Visiting Riga, Tallinn and Helsinki provides not only a wonderful opportunity to become acquainted with less familiar countries and cultures but also an exciting opportunity to see the birth of national identities (on all possible levels) in a relatively short period of time.
Latvia and Estonia are small countries each with a long history, ancient cultures and a very short period of independence dating from 1918, abruptly stopped in 1939 and then only restarted extremely recently in 1991. Both countries are close neighbours but at the same time very different historically. Despite Soviet Occupation these countries managed though years of hardship to hold on to their local traditions, although the Soviet heritage brought about major problems – such as the high number of newly-settled Russians amounting for half the population in some Latvian cities, including Riga. However today, Latvia and Estonia are extremely proud of being different and are culturally alive with their own traditions which give them the chance to survive in the new global world of the 21st century.
Latvia was dominated for a long time by German ‘crusaders’, by the German Order that brought Christianity to Latvia and because of the high percentage of the German population, Riga remained predominantly a German city until World War II. Running parallel to the Germanic influences, there was the Dukedom of Courland that became part of the Russian Empire after Peter the Great’s time in the 18th century. This drew Latvia into the Russian orbit and brought magnificent results such as the baroque palaces by the famous architect Bartolomeo Rastrelli. During the early 20th century Riga was a highly developed city with the strongest of musical traditions (Richard Wagner was one of the chief Conductors of its opera house). At the same time, Riga produced an almost unrivalled Art Nouveau architecture which can still be admired today in the beautifully preserved old city.
Like Latvia, Estonia has a complex history and Tallinn has all the hallmarks of a well-preserved medieval city. The city was originally developed by the Danes, then belonged to a German Order, then to Sweden and since 1721 was a Russian enclave up until independence in 1991. All these ‘invaders’ have left their traces and the city is a charming mixture of Gothic, Baroque, classical and even neo-Russian monuments. But it is also exciting to see the formation of a new Tallinn with its inventive contemporary architecture and the Kumu, a wonderful new museum of art. To the east of Estonia, is the old city of Tartu with its famous University which has played a critical role in the development of Russian and Soviet cultures.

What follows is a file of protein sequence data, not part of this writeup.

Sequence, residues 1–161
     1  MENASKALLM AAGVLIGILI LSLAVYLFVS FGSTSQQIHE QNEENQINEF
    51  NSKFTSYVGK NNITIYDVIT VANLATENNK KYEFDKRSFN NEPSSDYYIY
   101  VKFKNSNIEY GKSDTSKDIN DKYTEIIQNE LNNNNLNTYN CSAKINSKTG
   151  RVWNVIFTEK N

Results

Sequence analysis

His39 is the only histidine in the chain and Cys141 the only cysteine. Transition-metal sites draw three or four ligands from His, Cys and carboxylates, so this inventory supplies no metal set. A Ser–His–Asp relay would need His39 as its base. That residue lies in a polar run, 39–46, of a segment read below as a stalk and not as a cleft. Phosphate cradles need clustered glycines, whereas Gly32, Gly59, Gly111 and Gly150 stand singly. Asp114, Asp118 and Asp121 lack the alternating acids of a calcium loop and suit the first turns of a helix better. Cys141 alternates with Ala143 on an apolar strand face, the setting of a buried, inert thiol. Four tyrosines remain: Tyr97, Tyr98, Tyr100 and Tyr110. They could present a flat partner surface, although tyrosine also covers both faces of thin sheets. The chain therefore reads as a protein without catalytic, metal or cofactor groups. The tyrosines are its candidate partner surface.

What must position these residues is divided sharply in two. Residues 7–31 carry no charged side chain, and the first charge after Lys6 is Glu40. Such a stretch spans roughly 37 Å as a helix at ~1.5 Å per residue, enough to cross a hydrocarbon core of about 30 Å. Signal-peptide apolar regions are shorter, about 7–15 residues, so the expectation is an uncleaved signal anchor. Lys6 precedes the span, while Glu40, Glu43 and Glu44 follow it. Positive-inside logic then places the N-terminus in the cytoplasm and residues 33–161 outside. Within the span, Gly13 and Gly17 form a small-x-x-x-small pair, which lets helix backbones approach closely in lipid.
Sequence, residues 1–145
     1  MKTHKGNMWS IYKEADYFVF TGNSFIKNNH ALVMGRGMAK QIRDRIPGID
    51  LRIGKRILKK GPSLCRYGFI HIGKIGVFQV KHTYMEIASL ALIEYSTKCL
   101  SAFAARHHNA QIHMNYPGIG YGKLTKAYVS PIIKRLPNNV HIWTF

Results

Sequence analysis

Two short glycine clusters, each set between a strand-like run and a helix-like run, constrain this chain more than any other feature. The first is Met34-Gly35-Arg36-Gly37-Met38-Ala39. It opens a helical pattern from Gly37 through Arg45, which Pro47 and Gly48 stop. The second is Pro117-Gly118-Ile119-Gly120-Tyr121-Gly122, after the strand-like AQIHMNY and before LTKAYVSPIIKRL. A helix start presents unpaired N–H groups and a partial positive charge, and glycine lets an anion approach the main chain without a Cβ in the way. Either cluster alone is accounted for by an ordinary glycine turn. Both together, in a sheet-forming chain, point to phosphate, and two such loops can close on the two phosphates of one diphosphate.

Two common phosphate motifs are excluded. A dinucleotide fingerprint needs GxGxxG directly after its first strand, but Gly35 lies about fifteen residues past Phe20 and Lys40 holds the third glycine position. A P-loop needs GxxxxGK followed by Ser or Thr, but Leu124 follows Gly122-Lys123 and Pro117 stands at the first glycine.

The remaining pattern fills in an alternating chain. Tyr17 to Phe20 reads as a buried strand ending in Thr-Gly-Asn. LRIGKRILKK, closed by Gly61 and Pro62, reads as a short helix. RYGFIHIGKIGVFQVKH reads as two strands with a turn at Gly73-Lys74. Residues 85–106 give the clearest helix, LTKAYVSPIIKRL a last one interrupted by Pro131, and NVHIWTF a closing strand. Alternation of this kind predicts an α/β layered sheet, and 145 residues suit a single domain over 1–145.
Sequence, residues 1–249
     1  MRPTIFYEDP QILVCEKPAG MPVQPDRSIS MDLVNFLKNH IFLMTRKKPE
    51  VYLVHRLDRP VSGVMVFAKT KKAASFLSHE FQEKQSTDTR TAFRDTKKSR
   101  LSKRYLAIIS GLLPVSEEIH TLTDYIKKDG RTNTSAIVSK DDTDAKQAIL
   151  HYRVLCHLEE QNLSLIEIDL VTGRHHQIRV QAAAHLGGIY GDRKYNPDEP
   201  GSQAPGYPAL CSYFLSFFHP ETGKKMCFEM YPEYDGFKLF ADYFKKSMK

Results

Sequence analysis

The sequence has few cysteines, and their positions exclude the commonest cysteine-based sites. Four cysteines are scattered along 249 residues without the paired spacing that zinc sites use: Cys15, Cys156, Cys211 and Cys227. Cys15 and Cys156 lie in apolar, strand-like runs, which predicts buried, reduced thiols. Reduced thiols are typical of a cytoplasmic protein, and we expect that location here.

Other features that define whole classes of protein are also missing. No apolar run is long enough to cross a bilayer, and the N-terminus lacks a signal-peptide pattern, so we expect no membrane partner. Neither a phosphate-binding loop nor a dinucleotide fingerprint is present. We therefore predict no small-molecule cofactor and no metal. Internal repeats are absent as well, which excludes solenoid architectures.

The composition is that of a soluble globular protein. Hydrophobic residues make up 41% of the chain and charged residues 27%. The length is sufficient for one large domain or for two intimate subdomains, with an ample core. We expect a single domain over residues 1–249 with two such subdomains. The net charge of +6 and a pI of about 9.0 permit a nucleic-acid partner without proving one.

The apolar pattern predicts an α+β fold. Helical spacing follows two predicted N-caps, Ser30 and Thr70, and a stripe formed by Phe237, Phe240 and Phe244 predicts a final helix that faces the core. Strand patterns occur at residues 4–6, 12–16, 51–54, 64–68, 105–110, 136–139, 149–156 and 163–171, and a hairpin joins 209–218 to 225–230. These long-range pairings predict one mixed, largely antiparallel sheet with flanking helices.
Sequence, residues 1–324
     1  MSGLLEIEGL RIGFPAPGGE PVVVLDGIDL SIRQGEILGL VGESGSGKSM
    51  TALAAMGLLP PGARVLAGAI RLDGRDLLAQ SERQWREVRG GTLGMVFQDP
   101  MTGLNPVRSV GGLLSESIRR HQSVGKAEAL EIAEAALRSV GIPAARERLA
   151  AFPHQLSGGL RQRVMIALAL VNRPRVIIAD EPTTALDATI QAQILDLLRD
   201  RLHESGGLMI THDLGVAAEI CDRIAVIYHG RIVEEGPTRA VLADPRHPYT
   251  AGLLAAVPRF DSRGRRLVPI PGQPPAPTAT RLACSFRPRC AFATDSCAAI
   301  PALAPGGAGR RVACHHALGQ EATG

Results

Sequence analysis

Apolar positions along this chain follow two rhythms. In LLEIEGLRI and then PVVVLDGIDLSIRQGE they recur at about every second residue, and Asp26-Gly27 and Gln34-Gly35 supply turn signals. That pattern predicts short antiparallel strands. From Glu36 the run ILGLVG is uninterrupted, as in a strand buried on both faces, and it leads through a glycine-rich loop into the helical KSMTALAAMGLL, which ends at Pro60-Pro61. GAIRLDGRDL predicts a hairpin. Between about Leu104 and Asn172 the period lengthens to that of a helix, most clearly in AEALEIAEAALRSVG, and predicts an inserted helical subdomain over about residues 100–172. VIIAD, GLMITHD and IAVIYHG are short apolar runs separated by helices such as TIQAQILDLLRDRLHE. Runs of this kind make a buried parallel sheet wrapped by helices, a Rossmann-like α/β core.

Compared with major traditional European countries, Finland only acquired its unique and very own identity in the last hundred years or so. In this time, its culture has become recognizable almost as ‘a European brand’.Though Finland belongs to the same language group as Estonia and Latvia – Finno-Ugrian, their histories and their heritage are very different. Only a short sea journey across a narrow strip of water – the Gulf of Finland – separates them, but for all their similarities, it might just as well be a giant ocean.Helsinki’s development only got going in 1817. Its core is classical and in many ways is reminiscent of St Petersburg. But the late 19th century brought growth of a national conscience and its artistic expression was a neo-Romanticism, a fascinating mixture of Art Nouveau and a northern national folklore. Indeed, the Villa Hvittrask belonged to leaders of this nationalist surge and became very influential in the Arts and Crafts movement at the beginning of the 20th century.
Throughout the journey, Professor Leporc will focus on the fascinating art, culture and history of these three countries and their irresistible will for independence. Perhaps one of the most glorious moments was the Soviet –Finnish war of 1939-40 when small Finland heroically resisted Russian aggression. The whole world suddenly took note of this great example of Finnish courage. Though the Finns were defeated, they showed a strength of character that inspired a rapid post-war development.
This journey is open to Friends of the Whitworth Art Gallery in Manchester. Please note that Distant Horizons has sole responsibility for the operation of this tour. The Whitworth Art Gallery has no direct control over the operation of any tours.
Maximum Party Size: 25